slightly larger in magnitude than all of Chinese consumer spending last year. Because of the importance of investment spending to the Chinese economy, infrastructure and government spending plans have shown early signs of success. While we were never one to believe in the global decoupling myth, we did not expect the sudden and dramatic retrenchment in global trade flows that we have seen. U.S. consumer spending, exacerbated by the disinflationary trends, collapsed late in 2008. This meant demand for EM exports took a major hit. At the same time, while the appreciation of the U.S. dollar – and requisite depreciation of partner currencies – means that many EMs should be able to gain some market share in the medium-term, the nearterm impact was a sudden and sharp depreciation of the value of their exports. This must yet be distributed into lower corporate profits, investment spending, and employment in these economies. And, while our forecast is now noticeably below consensus, it still incorporates an expectation for a global recovery in the second half of the year. This is premised on the expectation U.S. consumer spending will be driven by both monetary and fiscal measures, as well as the ongoing stimulative impact of low gas prices. Moreover, the sharp global shifts have masked some other important positive developments we think have gone under-noticed. One would be the fact that the U.S. is now running a trade surplus once we exclude their net trade deficits in petroleum products and with China. These two areas make up a sizeable 25% of U.S. total trade flows, but this does mean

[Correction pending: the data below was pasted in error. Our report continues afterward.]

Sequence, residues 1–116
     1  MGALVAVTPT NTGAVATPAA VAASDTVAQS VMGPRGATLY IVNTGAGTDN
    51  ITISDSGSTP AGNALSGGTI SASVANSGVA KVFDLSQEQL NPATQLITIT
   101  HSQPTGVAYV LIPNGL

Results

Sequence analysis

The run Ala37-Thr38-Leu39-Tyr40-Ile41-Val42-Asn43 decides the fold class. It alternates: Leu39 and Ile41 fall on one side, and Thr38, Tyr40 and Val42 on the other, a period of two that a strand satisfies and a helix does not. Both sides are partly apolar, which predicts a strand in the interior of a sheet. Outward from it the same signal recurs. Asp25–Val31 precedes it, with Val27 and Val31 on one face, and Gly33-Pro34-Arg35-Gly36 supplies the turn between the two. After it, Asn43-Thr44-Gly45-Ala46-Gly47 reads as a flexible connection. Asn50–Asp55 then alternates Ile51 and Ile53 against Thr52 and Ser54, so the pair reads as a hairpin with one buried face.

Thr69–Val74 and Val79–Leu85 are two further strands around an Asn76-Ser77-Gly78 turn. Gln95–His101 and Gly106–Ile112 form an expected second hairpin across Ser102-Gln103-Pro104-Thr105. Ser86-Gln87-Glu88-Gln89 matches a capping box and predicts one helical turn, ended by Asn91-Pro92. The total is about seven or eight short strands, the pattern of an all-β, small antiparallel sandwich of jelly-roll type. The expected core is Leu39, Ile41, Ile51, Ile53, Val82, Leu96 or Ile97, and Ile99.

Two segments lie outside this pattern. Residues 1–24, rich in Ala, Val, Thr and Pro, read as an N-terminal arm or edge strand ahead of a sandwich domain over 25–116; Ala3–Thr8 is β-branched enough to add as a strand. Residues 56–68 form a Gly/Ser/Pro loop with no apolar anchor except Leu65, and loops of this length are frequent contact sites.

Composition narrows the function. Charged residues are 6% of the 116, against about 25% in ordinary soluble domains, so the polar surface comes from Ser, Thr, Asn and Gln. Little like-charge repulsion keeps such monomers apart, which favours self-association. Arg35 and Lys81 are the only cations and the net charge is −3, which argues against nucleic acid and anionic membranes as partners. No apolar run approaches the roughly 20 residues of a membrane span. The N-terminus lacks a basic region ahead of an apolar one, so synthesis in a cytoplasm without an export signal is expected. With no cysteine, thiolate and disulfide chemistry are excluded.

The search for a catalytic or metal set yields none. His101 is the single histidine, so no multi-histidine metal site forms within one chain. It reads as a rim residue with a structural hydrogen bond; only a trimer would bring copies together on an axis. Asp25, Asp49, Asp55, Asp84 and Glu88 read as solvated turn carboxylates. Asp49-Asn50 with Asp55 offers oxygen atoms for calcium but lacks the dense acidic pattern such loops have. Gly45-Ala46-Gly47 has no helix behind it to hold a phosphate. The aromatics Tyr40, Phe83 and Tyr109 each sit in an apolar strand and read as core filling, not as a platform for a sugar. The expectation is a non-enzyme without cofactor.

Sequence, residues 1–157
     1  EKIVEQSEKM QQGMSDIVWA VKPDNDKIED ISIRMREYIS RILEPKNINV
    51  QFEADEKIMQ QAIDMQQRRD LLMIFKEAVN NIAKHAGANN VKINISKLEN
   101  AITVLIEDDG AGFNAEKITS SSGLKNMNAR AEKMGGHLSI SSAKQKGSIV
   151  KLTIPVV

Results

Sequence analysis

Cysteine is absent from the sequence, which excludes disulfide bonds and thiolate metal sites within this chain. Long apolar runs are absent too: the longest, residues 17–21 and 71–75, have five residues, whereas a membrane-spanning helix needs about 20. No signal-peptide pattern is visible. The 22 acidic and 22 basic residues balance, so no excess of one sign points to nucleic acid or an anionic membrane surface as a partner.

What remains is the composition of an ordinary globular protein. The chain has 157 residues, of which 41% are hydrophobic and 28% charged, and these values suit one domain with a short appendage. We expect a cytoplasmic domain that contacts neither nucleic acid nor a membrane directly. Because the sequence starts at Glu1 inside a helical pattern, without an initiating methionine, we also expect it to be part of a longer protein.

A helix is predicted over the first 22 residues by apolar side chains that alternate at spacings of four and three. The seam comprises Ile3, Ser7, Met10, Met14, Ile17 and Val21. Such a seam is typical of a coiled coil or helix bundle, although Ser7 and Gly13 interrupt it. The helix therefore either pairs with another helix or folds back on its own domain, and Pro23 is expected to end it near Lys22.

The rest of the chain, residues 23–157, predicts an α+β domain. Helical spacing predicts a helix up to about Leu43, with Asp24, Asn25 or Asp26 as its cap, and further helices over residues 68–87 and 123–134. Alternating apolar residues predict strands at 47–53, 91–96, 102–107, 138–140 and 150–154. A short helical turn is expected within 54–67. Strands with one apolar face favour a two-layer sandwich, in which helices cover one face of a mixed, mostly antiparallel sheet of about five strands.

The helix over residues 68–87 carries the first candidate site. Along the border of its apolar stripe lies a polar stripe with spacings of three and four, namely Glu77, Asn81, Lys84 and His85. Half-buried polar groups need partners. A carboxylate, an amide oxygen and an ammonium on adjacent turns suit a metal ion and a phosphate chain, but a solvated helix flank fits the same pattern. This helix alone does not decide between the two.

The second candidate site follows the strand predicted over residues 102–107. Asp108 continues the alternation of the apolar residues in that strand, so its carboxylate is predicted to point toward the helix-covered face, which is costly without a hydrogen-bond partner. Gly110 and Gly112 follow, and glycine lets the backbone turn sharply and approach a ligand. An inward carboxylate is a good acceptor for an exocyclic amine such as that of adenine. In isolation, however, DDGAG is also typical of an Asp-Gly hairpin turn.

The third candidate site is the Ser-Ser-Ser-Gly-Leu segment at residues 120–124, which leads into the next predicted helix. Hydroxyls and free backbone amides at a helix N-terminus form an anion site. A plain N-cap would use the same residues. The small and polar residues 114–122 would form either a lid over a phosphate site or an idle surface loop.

3 February 20, 2009

Global Synchronicity

15,000 5,000 -5,000 -15,000 -25,000 -35,000 -45,000 97.Nov 99.Nov 01.Nov 03.Nov 05.Nov 07.Nov
Goods: Petroleum Goods: China Goods: Ex-Petro&China Services

Mil. $

15,000 5,000 -5,000 -15,000 -25,000 -35,000 -45,000

that for the first time in over a decade, the U.S. is running a trade surplus on the remaining 75% of their trade flows. With the risk that this recovery might prove more distant than we expect, the front-loaded nature of the global contraction, and the fact that we must continue to discern the full extent of the global contagion underway, we feel the risks to this new forecast still remain to the downside. We could even see a further downgrade when we release our next full Quarterly Economic Forecast in mid-March once some more pieces of the puzzle become known.

Source: Census, Haver, and seasonal adjustment of Chinese data by TD Economics

Richard Kelly, Senior Economist 416-982-2559

This report is provided by TD Economics for customers of TD Bank Financial Group. It is for information purposes only and may not be appropriate for other purposes. The report does not provide material information about the business and affairs of TD Bank Financial Group and the members of TD Economics are not spokespersons for TD Bank Financial Group with respect to its business and affairs. The information contained in this report has been drawn from sources believed to be reliable, but is not guaranteed to be accurate or complete. The report contains economic analysis and views, including about future economic and financial markets performance. These are based on certain assumptions and other factors, and are subject to inherent risks and uncertainties. The actual outcome may be materially different. The Toronto-Dominion Bank and its affiliates and related entities that comprise TD Bank Financial Group are not liable for any errors or omissions in the information, analysis or views contained in this report, or for any loss or damage suffered.

Global Synchronicity


February 20, 2009

Sign up to vote on this title
UsefulNot useful